Weight Limits and Kayak Carriers

My son and myself are looking to get into Kayaking. Getting him setup is easy, not so much for myself. I am a large guy and hope to use Kayaking to get myself into some shape other than round. I am wondering if weight capacities manufacturers list on kayaks are truly accurate?

Secondly, I see multiple ways of carrying kayaks. I plan to fabricate a rack for my truck but am wondering the best way to hold the kayak to it? I have seen flat v-shaped foam and metal carriers, J shaped carriers that sit on their side, etc. Is one better than another? Is it dependent on the kayak?

Any help would be greatly appreciated.

carrying the things…ROFL
As to the weight limits, yup, most seem to be fairly accurate. The main thing is that the cockpit is large enough for you to comfortably fall into and scramble out of. A good PADDED seat is much appreciated also. All the seats seem fine when you just ‘try’ them in a store. After a couple of hours, you will feel every little decorative button or wrinkle in the thing. Also, if the kayak you select doesn’t already HAVE flotation, add some before you ever try your new kayak. Sooner or later, you WILL flop over. LOL Make sure your life jacket is approved for your weight also and consider the bulk of that when you choose your cockpit size and seat. Once you find YOUR boat, you and your son will LOVE kayaking. It’s next to being weightless upon the water. As for carrying the dang things…there are many ways and ideas about racks. I have a Jeep and had to go to the expense of buying a rack and hully roller for it. I use a Hully roller on the back and a yak saddle on the front. The rollers make it extremely easy to load and offload. But a kayak is easy to handle anyway. I prefer to carry mine upright. I use straps wrapped around the crossbars, looped around the bar and back over the kayak. A tie at the bow and stern are a great idea also. OH…and don’t just toss ANYTHING into the kayak while carrying it. If it were a concrete block, it would blow out. The only BAD thing about the upright carry is, rain. If it is raining, even a little, the thing will fill up with water and weigh a ton. Just flip it over and carry it upside down in that case. The J racks are nice, but I just prefer lifting the bow of mine, putting the nose into the rollers while the stern is sitting on the ground. I can then grab the back of the cockpit coaming and just slide it on top. The J rack requires you to lift the entire weight of the kayak at once, in most cases. The main thing is…get it to the water safely and have fun!!! You have some REAL quality time ahead of you. OH…and put some kind of tie, leash, or duct tape on EVERYTHING in your boat. When you do flip, it makes it easier to find your camera if it is in a waterproof container TIED to your boat. If it’s loose in the boat, it’s river food. LOL Best of luck and enjoy it. I’ve tried big motor boats, small motor boats, sail boats, row boats, and canoes. I’ll take my little kayak over any of them. Most quiet and peaceful way to see animals in their natural element. The otters just think you are a big ole log. LOL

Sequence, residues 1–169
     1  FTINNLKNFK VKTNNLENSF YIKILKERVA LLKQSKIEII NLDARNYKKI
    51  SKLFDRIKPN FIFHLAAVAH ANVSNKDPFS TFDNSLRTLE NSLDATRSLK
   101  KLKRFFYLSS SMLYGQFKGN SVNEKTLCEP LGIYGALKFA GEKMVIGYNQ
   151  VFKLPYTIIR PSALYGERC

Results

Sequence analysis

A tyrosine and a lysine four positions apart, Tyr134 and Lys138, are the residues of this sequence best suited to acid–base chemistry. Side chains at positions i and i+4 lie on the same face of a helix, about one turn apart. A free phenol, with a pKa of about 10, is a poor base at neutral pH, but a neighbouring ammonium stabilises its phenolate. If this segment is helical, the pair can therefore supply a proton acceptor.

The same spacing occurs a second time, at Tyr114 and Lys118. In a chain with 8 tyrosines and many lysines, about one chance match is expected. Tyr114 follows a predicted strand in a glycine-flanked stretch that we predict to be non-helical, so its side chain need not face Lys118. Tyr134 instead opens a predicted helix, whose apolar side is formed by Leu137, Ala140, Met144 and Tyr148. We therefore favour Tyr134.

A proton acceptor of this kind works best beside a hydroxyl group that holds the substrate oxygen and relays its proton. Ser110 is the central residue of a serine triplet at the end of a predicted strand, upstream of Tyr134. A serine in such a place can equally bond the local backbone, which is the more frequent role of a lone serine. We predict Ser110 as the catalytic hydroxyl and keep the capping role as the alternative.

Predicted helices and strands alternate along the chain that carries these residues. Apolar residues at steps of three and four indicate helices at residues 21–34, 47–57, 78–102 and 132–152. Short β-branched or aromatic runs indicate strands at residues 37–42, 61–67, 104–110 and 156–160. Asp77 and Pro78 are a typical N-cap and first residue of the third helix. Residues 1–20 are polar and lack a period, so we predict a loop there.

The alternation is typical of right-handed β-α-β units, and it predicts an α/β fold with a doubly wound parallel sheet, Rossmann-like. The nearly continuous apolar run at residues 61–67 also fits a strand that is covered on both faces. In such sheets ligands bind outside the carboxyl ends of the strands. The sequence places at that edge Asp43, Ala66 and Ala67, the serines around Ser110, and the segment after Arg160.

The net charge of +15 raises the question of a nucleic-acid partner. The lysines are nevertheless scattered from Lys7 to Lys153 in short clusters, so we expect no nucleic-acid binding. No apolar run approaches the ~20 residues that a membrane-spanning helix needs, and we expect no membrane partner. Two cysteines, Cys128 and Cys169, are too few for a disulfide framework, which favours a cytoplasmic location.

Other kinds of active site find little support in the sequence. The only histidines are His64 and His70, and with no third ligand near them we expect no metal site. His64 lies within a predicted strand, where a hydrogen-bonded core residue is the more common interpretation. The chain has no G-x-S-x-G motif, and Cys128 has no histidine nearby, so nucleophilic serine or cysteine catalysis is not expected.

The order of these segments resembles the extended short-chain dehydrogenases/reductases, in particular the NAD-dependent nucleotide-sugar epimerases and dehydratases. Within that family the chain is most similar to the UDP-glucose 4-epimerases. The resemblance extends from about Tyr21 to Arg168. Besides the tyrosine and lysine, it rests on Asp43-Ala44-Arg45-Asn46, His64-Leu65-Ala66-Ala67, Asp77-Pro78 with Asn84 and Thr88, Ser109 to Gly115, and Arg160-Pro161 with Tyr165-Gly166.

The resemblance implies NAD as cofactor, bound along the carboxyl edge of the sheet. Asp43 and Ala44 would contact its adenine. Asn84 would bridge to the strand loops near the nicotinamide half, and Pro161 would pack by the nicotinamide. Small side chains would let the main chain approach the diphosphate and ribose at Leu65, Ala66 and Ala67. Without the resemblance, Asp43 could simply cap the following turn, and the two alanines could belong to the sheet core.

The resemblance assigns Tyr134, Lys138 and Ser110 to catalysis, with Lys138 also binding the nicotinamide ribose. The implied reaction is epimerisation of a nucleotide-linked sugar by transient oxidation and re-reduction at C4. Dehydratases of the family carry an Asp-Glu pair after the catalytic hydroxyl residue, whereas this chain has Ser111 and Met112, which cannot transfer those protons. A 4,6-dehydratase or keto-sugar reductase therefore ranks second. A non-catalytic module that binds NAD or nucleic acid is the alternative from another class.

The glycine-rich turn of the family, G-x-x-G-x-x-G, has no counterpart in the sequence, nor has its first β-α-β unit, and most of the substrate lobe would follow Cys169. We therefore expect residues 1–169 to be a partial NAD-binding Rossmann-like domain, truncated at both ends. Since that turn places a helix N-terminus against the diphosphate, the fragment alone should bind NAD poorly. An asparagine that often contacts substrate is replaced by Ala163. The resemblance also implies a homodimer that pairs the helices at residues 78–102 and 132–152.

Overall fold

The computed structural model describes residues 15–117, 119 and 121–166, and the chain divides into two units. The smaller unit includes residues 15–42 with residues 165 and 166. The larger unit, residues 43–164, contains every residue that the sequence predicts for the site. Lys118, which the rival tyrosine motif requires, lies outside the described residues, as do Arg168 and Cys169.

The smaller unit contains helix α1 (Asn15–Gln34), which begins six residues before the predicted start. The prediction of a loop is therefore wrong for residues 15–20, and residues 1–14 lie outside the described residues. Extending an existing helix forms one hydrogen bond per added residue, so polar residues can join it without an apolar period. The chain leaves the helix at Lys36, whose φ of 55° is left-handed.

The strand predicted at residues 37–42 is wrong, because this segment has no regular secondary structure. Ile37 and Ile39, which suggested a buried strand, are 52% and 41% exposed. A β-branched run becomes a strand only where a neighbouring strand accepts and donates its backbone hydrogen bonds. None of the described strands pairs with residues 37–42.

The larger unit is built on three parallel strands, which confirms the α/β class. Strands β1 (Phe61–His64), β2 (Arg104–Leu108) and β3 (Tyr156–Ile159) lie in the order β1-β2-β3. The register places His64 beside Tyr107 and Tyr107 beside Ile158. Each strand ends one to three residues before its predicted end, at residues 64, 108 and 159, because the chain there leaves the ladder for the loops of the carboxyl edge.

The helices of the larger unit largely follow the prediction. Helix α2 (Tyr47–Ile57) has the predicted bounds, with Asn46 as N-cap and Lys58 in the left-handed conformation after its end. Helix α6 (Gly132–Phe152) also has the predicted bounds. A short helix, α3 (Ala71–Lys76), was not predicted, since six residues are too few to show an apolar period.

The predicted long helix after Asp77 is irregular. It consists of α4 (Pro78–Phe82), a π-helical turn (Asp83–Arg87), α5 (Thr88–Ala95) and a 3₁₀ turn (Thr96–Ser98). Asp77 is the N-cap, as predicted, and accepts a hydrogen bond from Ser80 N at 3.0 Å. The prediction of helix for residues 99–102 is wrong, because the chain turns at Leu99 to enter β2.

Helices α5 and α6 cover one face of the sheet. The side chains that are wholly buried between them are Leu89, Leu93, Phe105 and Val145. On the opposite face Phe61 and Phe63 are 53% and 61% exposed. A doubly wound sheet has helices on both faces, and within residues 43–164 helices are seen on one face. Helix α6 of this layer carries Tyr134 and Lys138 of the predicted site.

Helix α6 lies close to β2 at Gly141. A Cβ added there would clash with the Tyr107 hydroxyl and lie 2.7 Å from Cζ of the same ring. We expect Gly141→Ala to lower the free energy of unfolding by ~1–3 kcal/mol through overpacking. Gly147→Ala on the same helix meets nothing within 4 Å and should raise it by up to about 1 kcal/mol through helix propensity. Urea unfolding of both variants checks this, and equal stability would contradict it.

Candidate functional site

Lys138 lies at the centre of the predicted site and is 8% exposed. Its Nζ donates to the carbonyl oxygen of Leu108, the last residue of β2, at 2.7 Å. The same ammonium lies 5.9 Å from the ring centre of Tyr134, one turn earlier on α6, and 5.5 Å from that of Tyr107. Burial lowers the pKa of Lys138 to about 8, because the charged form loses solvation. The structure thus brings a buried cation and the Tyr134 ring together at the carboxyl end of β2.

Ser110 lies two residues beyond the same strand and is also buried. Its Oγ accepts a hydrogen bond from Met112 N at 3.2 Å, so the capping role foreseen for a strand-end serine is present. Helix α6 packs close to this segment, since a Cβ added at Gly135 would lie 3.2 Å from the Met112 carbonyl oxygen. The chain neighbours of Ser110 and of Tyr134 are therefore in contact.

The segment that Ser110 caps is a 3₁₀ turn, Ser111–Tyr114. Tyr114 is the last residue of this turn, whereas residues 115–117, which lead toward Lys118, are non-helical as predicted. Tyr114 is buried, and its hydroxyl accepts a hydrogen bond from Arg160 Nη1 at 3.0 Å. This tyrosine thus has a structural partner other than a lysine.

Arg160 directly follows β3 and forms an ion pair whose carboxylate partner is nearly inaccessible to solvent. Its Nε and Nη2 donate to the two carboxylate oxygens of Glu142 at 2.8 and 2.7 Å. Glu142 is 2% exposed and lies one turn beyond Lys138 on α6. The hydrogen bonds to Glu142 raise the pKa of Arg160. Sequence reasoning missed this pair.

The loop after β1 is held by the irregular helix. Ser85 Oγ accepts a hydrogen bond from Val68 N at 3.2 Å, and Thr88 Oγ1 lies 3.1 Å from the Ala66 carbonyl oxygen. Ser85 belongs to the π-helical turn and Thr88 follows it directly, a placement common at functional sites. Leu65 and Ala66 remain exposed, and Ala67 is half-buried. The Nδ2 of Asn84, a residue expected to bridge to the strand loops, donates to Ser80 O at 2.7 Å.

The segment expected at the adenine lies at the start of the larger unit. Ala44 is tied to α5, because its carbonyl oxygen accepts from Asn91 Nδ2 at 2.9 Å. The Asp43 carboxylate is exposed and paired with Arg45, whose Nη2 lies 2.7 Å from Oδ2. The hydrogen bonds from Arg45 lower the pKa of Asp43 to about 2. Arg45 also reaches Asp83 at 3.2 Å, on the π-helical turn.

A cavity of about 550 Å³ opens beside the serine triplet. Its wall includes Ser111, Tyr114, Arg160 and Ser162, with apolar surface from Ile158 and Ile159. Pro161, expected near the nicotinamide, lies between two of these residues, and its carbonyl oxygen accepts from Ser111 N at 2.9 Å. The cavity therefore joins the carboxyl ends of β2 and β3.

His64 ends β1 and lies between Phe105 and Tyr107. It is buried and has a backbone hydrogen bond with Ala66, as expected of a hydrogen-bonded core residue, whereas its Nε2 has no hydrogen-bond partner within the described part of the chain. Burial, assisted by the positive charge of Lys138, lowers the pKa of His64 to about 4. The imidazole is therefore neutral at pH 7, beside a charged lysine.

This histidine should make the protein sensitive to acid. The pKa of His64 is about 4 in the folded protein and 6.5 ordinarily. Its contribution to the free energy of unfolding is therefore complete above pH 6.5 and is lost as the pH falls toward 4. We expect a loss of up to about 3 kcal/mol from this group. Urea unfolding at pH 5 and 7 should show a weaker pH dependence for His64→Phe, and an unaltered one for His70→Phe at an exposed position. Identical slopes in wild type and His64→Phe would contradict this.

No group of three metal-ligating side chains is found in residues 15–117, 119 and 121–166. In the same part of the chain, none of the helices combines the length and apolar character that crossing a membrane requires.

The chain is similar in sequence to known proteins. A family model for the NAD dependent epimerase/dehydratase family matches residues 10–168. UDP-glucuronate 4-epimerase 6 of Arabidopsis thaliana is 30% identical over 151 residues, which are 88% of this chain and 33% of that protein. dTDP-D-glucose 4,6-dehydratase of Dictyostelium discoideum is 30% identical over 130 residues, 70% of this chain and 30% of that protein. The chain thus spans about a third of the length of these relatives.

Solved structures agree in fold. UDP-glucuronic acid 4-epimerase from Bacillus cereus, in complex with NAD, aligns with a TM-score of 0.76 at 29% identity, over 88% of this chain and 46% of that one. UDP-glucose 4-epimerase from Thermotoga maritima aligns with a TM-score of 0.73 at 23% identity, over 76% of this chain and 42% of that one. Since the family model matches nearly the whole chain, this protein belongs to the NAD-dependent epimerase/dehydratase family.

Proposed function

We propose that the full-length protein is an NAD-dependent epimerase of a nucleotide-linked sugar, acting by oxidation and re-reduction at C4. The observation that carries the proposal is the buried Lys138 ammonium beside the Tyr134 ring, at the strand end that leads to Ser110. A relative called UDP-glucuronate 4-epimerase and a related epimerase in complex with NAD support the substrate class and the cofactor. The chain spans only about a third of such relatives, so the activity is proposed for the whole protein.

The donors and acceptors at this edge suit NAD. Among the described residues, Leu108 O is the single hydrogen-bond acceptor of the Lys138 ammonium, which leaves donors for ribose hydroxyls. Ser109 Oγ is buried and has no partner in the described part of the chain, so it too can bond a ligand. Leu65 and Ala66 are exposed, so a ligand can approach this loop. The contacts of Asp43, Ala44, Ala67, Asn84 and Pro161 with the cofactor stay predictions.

I am using a Thule rack for mine, but before that I just had a 4" thick piece of foam on the roof of the van and strapped the ends down.It will depend what the rack you build looks like.

Have fun on the water.

Good Info
Thanks for the responses. Very helpful!